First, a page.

T1 - 17p12 Influences Hematoma Volume and Outcome in Spontaneous Intracerebral Hemorrhage

AU - Marini, Sandro

AU - Devan, William J.

AU - Radmanesh, Farid

AU - Miyares, Laura

AU - Poterba, Timothy

AU - Hansen, Björn M.

AU - Norrving, Bo

AU - Jimenez-Conde, Jordi

AU - Giralt-Steinhauer, Eva

AU - Elosua, Roberto

AU - Cuadrado-Godia, Elisa

AU - Soriano, Carolina

AU - Roquer, Jaume

AU - Kourkoulis, Christina E.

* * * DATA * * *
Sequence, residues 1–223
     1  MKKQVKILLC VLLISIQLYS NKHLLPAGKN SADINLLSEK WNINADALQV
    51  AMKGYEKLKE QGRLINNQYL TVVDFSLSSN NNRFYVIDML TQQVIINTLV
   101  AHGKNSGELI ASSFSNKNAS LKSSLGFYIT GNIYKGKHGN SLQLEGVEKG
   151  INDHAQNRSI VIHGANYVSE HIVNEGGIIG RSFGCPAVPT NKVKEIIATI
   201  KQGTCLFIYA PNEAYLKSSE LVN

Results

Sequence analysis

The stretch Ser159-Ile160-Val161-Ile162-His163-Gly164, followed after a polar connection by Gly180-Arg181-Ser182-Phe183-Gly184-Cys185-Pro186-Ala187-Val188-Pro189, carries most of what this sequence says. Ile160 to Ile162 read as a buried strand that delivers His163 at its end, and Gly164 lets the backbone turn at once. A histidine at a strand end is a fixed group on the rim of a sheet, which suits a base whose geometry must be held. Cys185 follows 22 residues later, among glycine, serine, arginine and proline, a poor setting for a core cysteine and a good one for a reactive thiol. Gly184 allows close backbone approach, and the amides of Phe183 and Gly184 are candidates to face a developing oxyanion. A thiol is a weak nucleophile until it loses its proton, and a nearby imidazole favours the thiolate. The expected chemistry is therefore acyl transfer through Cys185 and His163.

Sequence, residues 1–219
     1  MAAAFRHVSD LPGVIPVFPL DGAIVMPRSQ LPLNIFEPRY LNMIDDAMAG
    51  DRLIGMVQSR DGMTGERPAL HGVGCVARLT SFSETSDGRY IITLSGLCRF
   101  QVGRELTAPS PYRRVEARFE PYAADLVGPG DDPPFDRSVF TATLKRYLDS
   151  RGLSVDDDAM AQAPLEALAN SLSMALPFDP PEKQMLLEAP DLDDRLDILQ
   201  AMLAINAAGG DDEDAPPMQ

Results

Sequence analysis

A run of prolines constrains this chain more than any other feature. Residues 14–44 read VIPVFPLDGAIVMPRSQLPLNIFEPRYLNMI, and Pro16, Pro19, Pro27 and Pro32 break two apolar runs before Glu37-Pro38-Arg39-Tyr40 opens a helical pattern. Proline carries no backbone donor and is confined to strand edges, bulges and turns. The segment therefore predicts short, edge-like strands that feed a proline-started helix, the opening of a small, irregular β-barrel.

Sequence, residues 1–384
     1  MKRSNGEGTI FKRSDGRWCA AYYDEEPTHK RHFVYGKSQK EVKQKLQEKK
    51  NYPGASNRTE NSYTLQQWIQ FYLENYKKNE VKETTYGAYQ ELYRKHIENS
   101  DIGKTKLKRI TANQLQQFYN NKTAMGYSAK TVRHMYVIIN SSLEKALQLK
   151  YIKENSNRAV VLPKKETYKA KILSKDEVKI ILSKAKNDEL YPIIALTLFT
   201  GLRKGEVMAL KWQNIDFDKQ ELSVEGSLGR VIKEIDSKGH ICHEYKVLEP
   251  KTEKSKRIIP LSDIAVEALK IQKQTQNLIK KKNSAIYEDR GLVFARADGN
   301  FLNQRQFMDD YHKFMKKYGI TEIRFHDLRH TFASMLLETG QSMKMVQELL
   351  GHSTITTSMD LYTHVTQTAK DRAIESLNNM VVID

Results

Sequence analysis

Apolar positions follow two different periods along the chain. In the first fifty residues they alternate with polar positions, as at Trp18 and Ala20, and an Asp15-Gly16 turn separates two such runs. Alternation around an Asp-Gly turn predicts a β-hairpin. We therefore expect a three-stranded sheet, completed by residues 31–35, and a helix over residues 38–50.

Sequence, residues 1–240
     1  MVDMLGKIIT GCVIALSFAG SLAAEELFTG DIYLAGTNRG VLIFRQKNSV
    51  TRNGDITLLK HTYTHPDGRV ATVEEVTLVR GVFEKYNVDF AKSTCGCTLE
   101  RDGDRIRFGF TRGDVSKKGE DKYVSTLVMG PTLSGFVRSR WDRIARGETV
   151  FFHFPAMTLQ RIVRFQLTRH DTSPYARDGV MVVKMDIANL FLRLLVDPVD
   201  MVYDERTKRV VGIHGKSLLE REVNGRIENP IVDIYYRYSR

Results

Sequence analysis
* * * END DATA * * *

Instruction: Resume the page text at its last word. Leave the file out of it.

AU - Ayres, Alison M.

AU - Schwab, Kristin

AU - Tirschwell, David L.

AU - Selim, Magdy

AU - Brown, Devin L.

AU - Silliman, Scott L.

AU - Worrall, Bradford B.

AU - Meschia, James F.

AU - Kidwell, Stella

AU - Montaner, Joan

AU - Fernandez-Cadenas, Israel

AU - Delgado, Pilar

AU - Greenberg, Steven M.

AU - Lindgren, Arne

AU - Matouk, Charles

AU - Sheth, Kevin N.

AU - Woo, Daniel

AU - Anderson, Christopher D.

AU - Rosand, Jonathan

AU - Falcone, Guido J.

PY - 2018/7/1

Y1 - 2018/7/1